The Challenge of COVID-19 and American Indian Health
COVID-19 disproportionately affects communities and people of color in the U.S. The pandemic has particularly ravaged American Indian/Alaska Native communities, which are at heightened risk because of limited access to health services and inadequate housing, water supplies, and other infrastructure. Underlying health disparities also may make American Indians vulnerable to becoming seriously ill from COVID-19. Despite these challenges, state, local, and federal policymakers can learn from American Indians responses to the pandemic.
Disparities Exposed and Amplified by COVID-19
The Navajo Nation, which occupies the largest reservation in the country (spread across parts of Arizona, New Mexico and Utah), has more per capita cases and deaths than any U.S. state. American Indians make up small percentages of the population in states like New Mexico (9%) and Arizona (4%), but account for 75 percent of COVID-19 deaths in New Mexico and 12 percent in Arizona.
The impact of COVID-19 on American Indian communities is amplified by crowded housing, understaffed hospitals, lack of running water, and limited internet access. These problems date back to the U.S. government’s failure to comply with historical treaty obligations to fund basic services in exchange for tribal land.
American Indians have worse access to care and experience poorer health status compared with the general U.S. population. Their life expectancy is 5.5 years shorter than the overall U.S. population (73.0 years vs. 78.5 years, respectively). American Indians die at higher rates from chronic liver disease and cirrhosis, type 2 diabetes, unintentional injuries, assault/homicide, and self-harm or suicide. Chronic lower respiratory disease is also more prevalent among American Indians, which can be particularly devastating in the context of COVID-19.
Native communities’ crowded living situations make social distancing more difficult. Sixteen percent of American Indian households in tribal areas and 10 percent in urban areas are overcrowded, compared with 2 percent among all U.S. households.
Access to hospitals in many tribal communities is limited. In some remote areas, there is one hospital for an area the size of Delaware. The Indian Health Service (IHS), the federal health program for American Indians and Alaska Natives, is underfunded and under-resourced compared with the rest of the U.S. health system. In 2017, IHS spent $3,332 per person, compared with $9,207 spent per capita by the U.S. health care system overall. This lack of funding results in workforce shortages; staffing is 20 percent lower than what the IHS recommends.
Innovations and Early Success Managing COVID-19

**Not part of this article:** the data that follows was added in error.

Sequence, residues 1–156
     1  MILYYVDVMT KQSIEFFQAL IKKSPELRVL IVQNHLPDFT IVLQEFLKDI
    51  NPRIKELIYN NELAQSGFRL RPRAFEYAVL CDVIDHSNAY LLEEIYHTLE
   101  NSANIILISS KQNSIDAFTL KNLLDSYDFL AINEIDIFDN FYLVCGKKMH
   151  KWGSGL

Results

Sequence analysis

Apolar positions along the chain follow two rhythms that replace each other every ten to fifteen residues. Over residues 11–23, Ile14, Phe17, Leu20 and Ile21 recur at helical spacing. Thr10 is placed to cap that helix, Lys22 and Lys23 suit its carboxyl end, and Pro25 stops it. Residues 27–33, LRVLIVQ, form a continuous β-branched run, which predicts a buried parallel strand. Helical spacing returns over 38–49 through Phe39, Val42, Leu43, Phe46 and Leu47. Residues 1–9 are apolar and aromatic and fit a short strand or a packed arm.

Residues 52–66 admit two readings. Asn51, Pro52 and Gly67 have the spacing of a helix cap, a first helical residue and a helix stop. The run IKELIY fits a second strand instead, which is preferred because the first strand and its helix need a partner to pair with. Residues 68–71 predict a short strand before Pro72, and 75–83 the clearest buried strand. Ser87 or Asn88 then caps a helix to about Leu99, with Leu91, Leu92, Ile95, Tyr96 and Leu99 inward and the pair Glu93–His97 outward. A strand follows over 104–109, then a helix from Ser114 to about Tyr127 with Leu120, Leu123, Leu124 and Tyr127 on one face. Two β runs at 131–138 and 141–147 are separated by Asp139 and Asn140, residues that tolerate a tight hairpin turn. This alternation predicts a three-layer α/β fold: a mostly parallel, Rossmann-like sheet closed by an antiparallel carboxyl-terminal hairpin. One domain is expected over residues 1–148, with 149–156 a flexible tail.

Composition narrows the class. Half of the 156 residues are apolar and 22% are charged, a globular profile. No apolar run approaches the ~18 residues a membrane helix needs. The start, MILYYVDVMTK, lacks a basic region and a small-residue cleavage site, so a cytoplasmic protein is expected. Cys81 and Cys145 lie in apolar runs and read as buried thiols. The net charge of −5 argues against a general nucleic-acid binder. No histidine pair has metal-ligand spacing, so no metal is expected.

Understanding the vulnerability of their communities, some American Indian tribal leaders have been proactive in trying to contain the virus. Innovations at the local level hold promise. The Navajo have created local command posts that deliver food, medicine, wood, and animal feed to households with a sick family member to facilitate isolation of patients and their families. Public health messaging about mask-wearing, social distancing, and travel advisories against leaving the Navajo Nation have also helped to control the spread of COVID-19.
The Lummi Nation, in Washington State, acted faster than many state and local governments in the U.S. to establish a field hospital and testing sites early in the pandemic.
With the pandemic affecting people’s mental health, tribal–academic partners are working to integrate mental health services into contact tracing. The Johns Hopkins Center for American Indian Health is developing educational materials related to substance use, trauma, grief, intimate partner violence, depression, and anxiety that be used as part of its home-visiting model, called Family Spirit.
Other creative measures include the creation of a children’s book by the Center for American Indian Health and Native collaborators and artists that includes resources for parents and caregivers, including helpline numbers and tips for talking to children about COVID-19. Community members have also come together to sew masks and gowns because of the scarcity of personal protective equipment.
Role of Federal Funding
These proactive measures are taking place in tribal communities despite delays in their receipt of CARES Act funding. The CARES Act, passed in late March, allocated $8 billion to tribes, but the funding had only begun to be disbursed in May. In comparison, more than $70 billion had been sent to hospitals and other health care providers in April, less than a month after the Act was passed.
The Health Resources and Services Administration’s Rural Tribal COVID-19 Response Program provides funding for tribal health care providers to implement telehealth strategies, which have been part of IHS’s work with Native communities for years. Through the CARES Act, the Department of Health and Human Services gave tribal organizations $15 million for telehealth expansion. Each of 52 tribes will receive up to $300,000 to improve prevention, triage, and care for COVID-19.
Delivering services to help American Indian communities cope with the pandemic will require more funding, particularly in the form of investments in health care, housing, broadband access, and sanitation.